Ship-shape and Bristol-fashion: The ‘ship-shape’ part doesn’t have so much to do with the appearance (although that may be part of it) but more a claim that everything is as it should be, in its right place (construction and contents) – ready for sea. But why Bristol-fashion? Bristol is a historic port, but isn’t on the coast. Instead, it’s on a tidal river. This means that any ships – sometimes full of cargo – had to be able to withstand being dumped unceremoniously on the mud when the tide went out and cope with a strong tidal flow. The strain on the construction was greater than when floating. So, if ‘ship-shape’ is ‘ready to go’, ‘Bristol-fashion’ is probably the ‘high-quality’ element. (

Don’t spoil the ship for a ha’p’orth of tar: Interestingly (to me, anyway) although this is ‘obviously’ a nautical expression, that may not actually be where it started. It’s believed that ‘ship’ is actually ‘sheep’ (pronounced ‘ship’ in some dialects, and therefore written that way when literate non-farmers wrote it down) and ‘tar’ is tar – but was used to keep flies from sores, not to waterproof a hull. It does make sense with the commonly accepted derivation, though. (

Trying to save time/effort/cost when what you’re not doing is trivial in those terms but could have a devastating effect on the success of the overall project/task is the meaning, regardless of the origin.

Showing someone the ropes: The sails on large sailing ships were raised and lowered using ropes. And some had a lot of sails, and therefore a lot of ropes. It wasn’t always obvious which rope did what to which bit of sail. This is a straightforward one: making sure people know how to do what they have to do. (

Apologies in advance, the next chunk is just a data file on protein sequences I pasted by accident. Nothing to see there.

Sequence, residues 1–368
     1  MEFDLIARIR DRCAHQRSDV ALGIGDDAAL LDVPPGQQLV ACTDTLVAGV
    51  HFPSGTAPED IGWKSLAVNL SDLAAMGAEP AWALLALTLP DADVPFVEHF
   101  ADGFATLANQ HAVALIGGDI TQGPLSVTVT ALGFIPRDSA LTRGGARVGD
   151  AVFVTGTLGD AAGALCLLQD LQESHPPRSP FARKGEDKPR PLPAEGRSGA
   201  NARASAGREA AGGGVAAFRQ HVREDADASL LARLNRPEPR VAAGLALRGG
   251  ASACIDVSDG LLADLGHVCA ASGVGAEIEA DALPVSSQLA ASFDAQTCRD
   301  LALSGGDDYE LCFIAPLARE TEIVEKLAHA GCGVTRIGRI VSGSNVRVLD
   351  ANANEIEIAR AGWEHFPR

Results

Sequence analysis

Changing tack: Very much a nautical term, in use today. A sailing boat can’t sail directly into the wind, but tacking (changing its direction relative to that wind) enables the wind to alternatively blow into the sails from the port (left) and starboard (right) sides. This moves the boat generally into the wind, in a zig-zag pattern. (

Changing tack means changing the way you approach a task or an issue. Using different methods. Resolving an issue in a different way.

Onboarding: Sounds nautical, but appeared in the 1970s and always to do with new employees going through an induction programme. (

A sailing boat


[Abelson96] Harold Abelson and Gerald Jay Sussman (1996) Structure and Interpretation of Computer Programs, 2nd Edition, published by MIT Press.

[Brooks] Frederick (Fred) Brooks Jr (1931-2022) was an American computer scientist and software engineer, who wrote The Mythical Man Month. See

[Carmack11] John Carmack, posted 31 Mar 2011 on Twitter:

[Hoare] Sir Antony Hoare, the quote is referenced in many places, including

[Saint-Exupéry39] Antoine de Saint-Exupéry (1939) Terre des Hommes, (mostly) translated into English with the title Wind, Sand and Stars. See,_Sand_and_Stars for an explanation of the differences.

[Weinberg] Gerald Weinberg, American computer scientist and author (1933-2018).

Chris Oldwood is a freelance programmer who started out as a bedroom coder in the 80s writing assembler on 8-bit micros. These days it’s enterprise grade technology from plush corporate offices the comfort of his breakfast bar. He has resumed commentating on the Godmanchester duck race but continues to be easily distracted by emails and DMs.